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Technical Paper

Analysis of a Series/Fail-Safe Electro-Hydrostatic Brake System Concept

The objective of this research is to create a new brake system with fewer mechanical parts, higher performance, greater flexibility for adaptation to new functions, and lower cost. A simple/series electro-hydrostatic brake system is investigated as an inexpensive, reliable, and redundant integrated brake system that can include the functions; Boost, ABS, TCS, VDC, etc. Production issues are considered. The required motor power is the most critical and is estimated by simulation based on data from experiments. To reduce this power a flow boost self-energizing mechanism with computer control is explored, and it is found that the effect is significant. Robustness of the control for pad friction fluctuation is also analyzed, and the limitation is estimated. The result of analysis shows that a competitive commercial product can be developed.
Technical Paper

Hybrid Electric Vehicle Development at the University of California, Davis: The Design of Ground FX

The last few years have been an exciting time for alternative vehicle development. New concerns about the environmental impact of personal transportation and about the United States' dependence on imported oil have pushed energy efficient, ultra-low, and zero emissions vehicles to the forefront of automotive design. California's own mandate for Zero Emissions Vehicles (ZEV) takes effect in 1998, creating a tremendous push towards the difficult goal of producing a commercially viable, practical electric vehicle for sale in 1998. Beyond California, most of the world's automakers are simultaneously committing tremendous research and development resources towards the technology necessary for a viable electric vehicle. The University of California at Davis is one of seven California universities participating in the 1993 Ford Hybrid Electric Vehicle Challenge.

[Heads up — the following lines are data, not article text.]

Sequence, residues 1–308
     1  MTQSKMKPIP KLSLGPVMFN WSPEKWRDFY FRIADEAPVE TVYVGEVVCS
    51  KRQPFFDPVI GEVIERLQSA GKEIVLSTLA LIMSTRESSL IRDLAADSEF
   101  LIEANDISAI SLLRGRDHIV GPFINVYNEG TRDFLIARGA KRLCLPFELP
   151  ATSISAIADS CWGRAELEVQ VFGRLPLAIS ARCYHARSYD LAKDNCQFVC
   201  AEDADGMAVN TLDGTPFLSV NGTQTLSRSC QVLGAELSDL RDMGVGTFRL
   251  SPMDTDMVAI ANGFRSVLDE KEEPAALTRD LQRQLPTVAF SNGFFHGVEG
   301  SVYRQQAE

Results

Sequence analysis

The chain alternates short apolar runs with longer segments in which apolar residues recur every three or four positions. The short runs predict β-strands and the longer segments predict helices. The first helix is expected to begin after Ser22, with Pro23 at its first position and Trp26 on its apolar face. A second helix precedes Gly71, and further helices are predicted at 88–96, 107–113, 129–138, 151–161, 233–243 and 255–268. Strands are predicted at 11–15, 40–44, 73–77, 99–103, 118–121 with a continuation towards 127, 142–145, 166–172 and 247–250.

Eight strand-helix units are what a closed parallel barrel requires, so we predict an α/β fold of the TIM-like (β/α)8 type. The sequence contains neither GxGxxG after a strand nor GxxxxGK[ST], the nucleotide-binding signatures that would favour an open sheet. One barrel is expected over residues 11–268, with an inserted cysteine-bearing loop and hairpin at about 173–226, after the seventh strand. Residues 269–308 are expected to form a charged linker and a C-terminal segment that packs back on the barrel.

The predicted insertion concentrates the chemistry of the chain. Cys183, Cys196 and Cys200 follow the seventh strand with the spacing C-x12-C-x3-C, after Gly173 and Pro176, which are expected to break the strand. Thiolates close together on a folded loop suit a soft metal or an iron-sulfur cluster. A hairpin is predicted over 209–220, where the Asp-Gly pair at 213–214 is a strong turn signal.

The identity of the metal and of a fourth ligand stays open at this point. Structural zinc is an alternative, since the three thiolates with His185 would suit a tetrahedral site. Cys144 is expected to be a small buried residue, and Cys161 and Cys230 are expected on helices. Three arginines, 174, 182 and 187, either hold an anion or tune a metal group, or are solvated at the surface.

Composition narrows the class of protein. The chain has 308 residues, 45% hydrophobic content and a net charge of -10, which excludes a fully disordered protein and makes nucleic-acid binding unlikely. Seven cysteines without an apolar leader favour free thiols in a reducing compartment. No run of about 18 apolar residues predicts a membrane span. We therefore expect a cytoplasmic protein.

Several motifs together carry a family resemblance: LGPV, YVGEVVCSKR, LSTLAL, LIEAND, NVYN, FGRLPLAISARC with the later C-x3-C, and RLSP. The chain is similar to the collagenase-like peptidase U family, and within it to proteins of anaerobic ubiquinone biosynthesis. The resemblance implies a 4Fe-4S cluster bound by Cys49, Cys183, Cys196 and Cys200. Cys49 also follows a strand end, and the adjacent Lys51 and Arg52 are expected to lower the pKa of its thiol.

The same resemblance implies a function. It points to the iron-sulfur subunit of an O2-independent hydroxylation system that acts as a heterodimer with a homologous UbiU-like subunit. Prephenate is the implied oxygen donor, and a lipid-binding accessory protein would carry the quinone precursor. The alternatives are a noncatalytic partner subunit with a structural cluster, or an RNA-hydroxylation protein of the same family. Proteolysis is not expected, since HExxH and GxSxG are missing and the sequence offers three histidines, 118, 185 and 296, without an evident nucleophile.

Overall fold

Technical Paper

Evaluation of the Flywheel Drive Concept for Passenger Vehicles

A flywheel to manage energy between a prime mover and a load has been used in many engineering applications. Automotive applications, however, pose a number of difficult problems which can be overcome only with proper design. Substantial mileage and performance improvements while meeting emission constraints can then be accomplished with the concept. An experimental flywheel car has been designed and built at the University of Wisconsin that has demonstrated a mileage improvement of about 50% over a corresponding production vehicle on the EPA/FUDC. With continued research and development gains of 100% appear feasible.
Technical Paper

Electric and Electric-Hybrid Cars-Evaluation and Comparison

The electric car has many features that make it attractive for urban use. Currently, its principal shortcomings are its short range and poor efficiency for a realistic driving cycle. An electric hybrid car of advanced design, such as the University of Wisconsin model described here, can overcome the limitations of the all-electric car, while retaining most of its advantages, but only at the expense of greater complexity. More research and development is required before either version can be an adequate replacement for our present internal combustion engine cars.